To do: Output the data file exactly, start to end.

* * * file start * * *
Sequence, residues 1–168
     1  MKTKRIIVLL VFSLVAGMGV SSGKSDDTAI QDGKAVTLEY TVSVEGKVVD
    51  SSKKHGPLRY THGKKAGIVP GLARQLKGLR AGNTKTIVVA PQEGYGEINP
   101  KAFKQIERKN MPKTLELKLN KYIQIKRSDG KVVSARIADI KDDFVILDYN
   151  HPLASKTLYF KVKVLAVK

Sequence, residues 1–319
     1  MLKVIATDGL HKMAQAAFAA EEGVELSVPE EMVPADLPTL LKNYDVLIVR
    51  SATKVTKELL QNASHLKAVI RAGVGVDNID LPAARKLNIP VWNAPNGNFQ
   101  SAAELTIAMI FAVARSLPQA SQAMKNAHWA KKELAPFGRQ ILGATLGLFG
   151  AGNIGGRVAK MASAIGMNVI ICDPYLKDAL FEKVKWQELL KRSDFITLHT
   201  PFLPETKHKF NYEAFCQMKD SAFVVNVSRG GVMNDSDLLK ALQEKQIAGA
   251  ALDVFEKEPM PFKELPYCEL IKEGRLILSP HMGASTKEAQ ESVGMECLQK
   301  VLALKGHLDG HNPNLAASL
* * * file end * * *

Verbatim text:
Sequence, residues 1–168
     1  MKTKRIIVLL VFSLVAGMGV SSGKSDDTAI QDGKAVTLEY TVSVEGKVVD
    51  SSKKHGPLRY THGKKAGIVP GLARQLKGLR AGNTKTIVVA PQEGYGEINP
   101  KAFKQIERKN MPKTLELKLN KYIQIKRSDG KVVSARIADI KDDFVILDYN
   151  HPLASKTLYF KVKVLAVK

Sequence, residues 1–319
     1  MLKVIATDGL HKMAQAAFAA EEGVELSVPE EMVPADLPTL LKNYDVLIVR
    51  SATKVTKELL QNASHLKAVI RAGVGVDNID LPAARKLNIP VWNAPNGNFQ
   101  SAAELTIAMI FAVARSLPQA SQAMKNAHWA KKELAPFGRQ ILGATLGLFG
   151  AGNIGGRVAK MASAIGMNVI ICDPYLKDAL FEKVKWQELL KRSDFITLHT
   201  PFLPETKHKF NYEAFCQMKD SAFVVNVSRG GVMNDSDLLK ALQEKQIAGA
   251  ALDVFEKEPM PFKELPYCEL IKEGRLILSP HMGASTKEAQ ESVGMECLQK
   301  VLALKGHLDG HNPNLAASL